Common (and not so common) Situations

Setup Related Situations


Situation: We have more than 5 people. I read online that it can be played by up to 8 people. What should we do?

Advice: In our experience, Progressive Rummy with more than 5 players tends to be tedious and less fun. We suggest breaking up into two tables (i.e., two separate games). That said, if you do play with a larger group, make sure to shuffle in a 3rd deck–and don’t forget the jokers!

Play Situations


Situation: Your table played until the entire draw deck but the round isn’t yet finished (meaning, no one has gone out).

Rule: Take the discard pile exactly as-is, and flip it over to become the new draw pile. (If this happens repeatedly, consider adding another deck.)


Situation: Your entire party has lost track of whose turn it is. (It happens.)
Advice: Everyone should count their cards (quantity) to see if they have an even number or odd number of cards (like 8 cards for “even” or 9 cards for “odd”). If one person’s hand is different than all other players, it means it’s that person’s turn and they need to discard.

For example, say it’s Round 2, when all players were dealt 7 cards. Four players count their cards and find they have (respectively) 7, 8, 11, and 13 cards. (It’s likely players will have different totals due to buying.) In this case, the player with 8 cards is the one that’s “different” (an even among all odds), so it’s probably their turn and they now need to discard.

The reason this trick works is because when you buy a card, you always add two additional to the number dealt.

If all players have an odd number or all players have an even number, then do the best you can to retrace your steps as a group.

Situation: You notice a desirable discard from two turns ago that’s now on top because someone just bought the more recent discard. You desperately want to buy this older discard.

Rule: Sorry, Charlie, you’re outta luck. Once a player begins a turn, all previous discards are “dead”.

Situation: Someone accidentally draws a card when they weren’t supposed to.

Advice: “Burn” the card by placing it randomly down into the draw deck.

Situation: You’re ready to go down and you have more than 3 cards for a group and/or more than 4 cards for a run. (Examples: 2,2,2,2 or 5,6,7,8,9) You wonder if you can play these extra cards immediately or if you have to wait until your next turn.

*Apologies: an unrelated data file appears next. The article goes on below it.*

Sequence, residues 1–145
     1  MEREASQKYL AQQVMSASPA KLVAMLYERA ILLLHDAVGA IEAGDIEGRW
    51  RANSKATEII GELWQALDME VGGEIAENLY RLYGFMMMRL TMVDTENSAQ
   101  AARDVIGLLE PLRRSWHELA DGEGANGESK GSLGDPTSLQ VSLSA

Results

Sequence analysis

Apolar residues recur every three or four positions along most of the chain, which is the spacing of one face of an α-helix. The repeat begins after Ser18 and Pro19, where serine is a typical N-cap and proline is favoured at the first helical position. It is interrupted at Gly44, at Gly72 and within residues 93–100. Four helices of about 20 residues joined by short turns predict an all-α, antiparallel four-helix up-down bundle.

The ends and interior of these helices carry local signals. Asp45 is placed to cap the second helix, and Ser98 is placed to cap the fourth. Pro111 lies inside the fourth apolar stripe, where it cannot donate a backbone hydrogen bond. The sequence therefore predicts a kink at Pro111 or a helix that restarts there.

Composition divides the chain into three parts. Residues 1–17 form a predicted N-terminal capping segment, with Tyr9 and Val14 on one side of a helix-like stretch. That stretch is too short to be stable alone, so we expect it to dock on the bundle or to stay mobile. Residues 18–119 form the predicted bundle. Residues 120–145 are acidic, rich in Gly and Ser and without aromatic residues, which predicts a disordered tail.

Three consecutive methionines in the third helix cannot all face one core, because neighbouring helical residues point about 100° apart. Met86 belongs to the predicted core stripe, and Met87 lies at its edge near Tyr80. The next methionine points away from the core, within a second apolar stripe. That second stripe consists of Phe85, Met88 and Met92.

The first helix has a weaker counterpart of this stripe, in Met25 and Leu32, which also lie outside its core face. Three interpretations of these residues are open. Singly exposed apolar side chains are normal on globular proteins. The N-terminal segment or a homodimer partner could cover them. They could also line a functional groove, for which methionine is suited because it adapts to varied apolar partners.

Rule: You’re in luck! You can play them immediately (when you go down).

Situation: You have enough cards in your hand to make an additional run or group. You wonder if you can play it.

Rule: Sorry, Charlie, you’re outta luck. If you’ve already gone down, the only way to get rid of your extra cards is to play them on existing groups or runs (whether yours or another player’s) and/or to discard them one by one when you’re lucky enough to draw a “player”. If you haven’t yet gone down, you may consider getting rid of your higher-value cards.

Basic Strategies & Advice

  1. Go down as quickly as you can–there’s no benefit to waiting to go down.

  2. It’s usually best to discard unwanted high-value cards before unwanted low-value cards–in case someone goes out unexpectedly early. Aces are 15 points each; 10-K cards are 10 points each; 2-9 cards are 5 points each.

  3. For contracts (hands/rounds) that require a combination of groups and runs, it’s usually best to focus on building your runs first.

  4. It might be tempting to never buy discards. However, it’s better to go down with some extra cards in your hand than to get caught before you can go down (because of how scoring works). Also, once others go down, you will often be able to play at least some of your extra cards on their contracts.

  5. On the other hand, if you buy too many cards and get caught, you’ll end up with a very high (unwanted) score for that round.

  6. Remember that for the last round only (round 7), every time you buy a card, you’re committing to fitting these 2 additional cards into your hand. This is because on the last round, you’re not allowed any extra cards when you go down.

  7. Sometimes you get dealt a great hand; other times, a highly challenging one. Don’t despair or get too cocky–things can change rapidly!



  • Designate a score keeper.

  • Decide who will be the first Dealer.

  • Anyone can shuffle, but by default it’s the Dealer.


  • Give everyone a chance to examine their cards.

  • Give everyone a chance to say if they want to buy the first card in the discard pile.

    (Seniority goes to the person just left of the dealer, then clockwise.) If the person to the left of the dealer wants it, they can just take it without a penalty, since they have the first turn.


  • If there are any newbies in the group, allow them an extra beat to decide if they want to buy a given discard. Gently remind them of rules as they come up.

  • If someone buys a discard, then changes their mind, the general ruling is “too bad.”

    However, as long as the next person hasn’t yet drawn, the group may decide to allow it. In this case, the penalty card is “burned” by placing it deep into the draw pile.

When players fight over a discard, the rules are clear: seniority goes clockwise starting with the player to the left of the discarder.


A player is “set” when every card in their hand is part of a valid run; and the player is just waiting to draw a card that fits into th hand so they can go down & out with no discard. A player may announce (if they want) this “set” status–putting all others on notice that they’re close to winning the game.